Friday, September 11, 2009

Moving glaciers

When I was around 7 years old, we took a trip to the Swiss alps and my parents thought it would be a great treat to take the kids to tour a glacier. Unfortunately, my understanding of physics and chemistry, in particular thermodynamics, was just about nil. I decided I'd rather not go into the glacier for fear that it would undergo a catastrophic melting during the span of the tour. So my memory of the trip involves sitting in the car reading a book, although at some point my mom probably convinced me that the area was sufficiently safe to go for a short walk. Until I saw my siblings and dad exit the mouth of the glacier, though, I accepted the possibility that they could be crushed to death and/or drown at any moment.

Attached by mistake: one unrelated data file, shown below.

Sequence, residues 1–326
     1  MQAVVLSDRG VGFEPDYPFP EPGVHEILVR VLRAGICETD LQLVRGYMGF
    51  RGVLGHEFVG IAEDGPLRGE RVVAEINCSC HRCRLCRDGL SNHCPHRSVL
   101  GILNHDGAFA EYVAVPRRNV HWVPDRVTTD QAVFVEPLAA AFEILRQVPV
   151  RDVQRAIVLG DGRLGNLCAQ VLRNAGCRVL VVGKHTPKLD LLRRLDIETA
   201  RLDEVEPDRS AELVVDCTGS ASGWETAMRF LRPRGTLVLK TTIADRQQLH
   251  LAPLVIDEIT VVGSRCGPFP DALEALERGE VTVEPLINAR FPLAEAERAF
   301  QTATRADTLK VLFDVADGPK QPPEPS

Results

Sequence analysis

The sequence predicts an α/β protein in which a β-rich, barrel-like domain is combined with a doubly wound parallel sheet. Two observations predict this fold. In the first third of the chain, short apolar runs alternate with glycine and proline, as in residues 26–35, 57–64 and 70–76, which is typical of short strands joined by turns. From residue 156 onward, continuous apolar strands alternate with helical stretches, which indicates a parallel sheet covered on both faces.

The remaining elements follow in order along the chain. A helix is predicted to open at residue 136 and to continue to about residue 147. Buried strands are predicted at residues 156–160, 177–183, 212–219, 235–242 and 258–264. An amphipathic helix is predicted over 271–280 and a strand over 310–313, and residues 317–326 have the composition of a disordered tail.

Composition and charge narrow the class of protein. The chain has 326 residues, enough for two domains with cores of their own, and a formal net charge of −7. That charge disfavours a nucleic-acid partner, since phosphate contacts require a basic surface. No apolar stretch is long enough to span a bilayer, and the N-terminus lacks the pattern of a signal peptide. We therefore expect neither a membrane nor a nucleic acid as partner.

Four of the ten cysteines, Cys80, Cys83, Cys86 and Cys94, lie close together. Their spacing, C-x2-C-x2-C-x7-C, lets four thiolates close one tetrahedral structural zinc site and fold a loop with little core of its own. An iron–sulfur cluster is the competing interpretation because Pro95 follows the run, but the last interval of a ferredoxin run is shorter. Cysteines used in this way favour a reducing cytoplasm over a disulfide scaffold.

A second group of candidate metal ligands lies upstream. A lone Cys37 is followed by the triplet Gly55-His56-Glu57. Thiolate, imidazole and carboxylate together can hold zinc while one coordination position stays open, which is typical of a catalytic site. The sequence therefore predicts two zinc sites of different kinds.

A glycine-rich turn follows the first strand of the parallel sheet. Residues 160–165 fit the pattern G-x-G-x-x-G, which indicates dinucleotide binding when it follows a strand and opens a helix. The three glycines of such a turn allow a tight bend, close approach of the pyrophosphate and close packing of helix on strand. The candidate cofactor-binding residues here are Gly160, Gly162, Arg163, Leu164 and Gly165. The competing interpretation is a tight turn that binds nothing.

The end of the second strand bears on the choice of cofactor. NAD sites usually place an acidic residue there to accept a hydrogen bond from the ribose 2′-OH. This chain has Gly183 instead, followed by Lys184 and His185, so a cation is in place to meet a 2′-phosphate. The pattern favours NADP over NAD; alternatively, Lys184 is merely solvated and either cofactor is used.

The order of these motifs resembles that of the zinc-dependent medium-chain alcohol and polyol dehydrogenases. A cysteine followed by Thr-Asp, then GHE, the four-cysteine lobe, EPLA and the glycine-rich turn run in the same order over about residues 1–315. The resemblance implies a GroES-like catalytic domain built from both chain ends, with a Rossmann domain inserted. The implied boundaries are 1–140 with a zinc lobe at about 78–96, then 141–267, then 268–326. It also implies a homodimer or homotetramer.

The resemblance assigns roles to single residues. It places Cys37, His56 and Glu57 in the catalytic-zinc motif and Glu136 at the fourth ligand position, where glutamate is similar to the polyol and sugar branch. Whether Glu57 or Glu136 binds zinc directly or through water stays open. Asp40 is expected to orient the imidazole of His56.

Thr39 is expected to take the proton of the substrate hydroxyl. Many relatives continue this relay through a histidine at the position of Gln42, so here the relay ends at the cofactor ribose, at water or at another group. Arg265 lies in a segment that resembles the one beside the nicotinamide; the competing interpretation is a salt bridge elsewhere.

So you can imagine how horror-stricken I was by the opening of this AP article: "Suddenly and without warning, the gigantic river of ice sped up, causing it to spit icebergs ever faster into the ocean off southeastern Greenland." Even though later text indicates that the glaciers' maximum speed (about four feet an hour) is one that most humans could probably outrun or outcrawl, it turns out they could cause a disaster much worse than an isolated, sudden collapse might.

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